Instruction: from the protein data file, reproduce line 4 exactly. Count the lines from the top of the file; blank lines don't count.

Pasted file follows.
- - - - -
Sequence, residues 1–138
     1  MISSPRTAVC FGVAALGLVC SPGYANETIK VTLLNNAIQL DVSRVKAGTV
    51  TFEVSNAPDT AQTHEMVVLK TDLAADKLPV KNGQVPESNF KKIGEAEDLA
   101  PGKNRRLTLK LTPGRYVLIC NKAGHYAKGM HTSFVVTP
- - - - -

   101  PGKNRRLTLK LTPGRYVLIC NKAGHYAKGM HTSFVVTP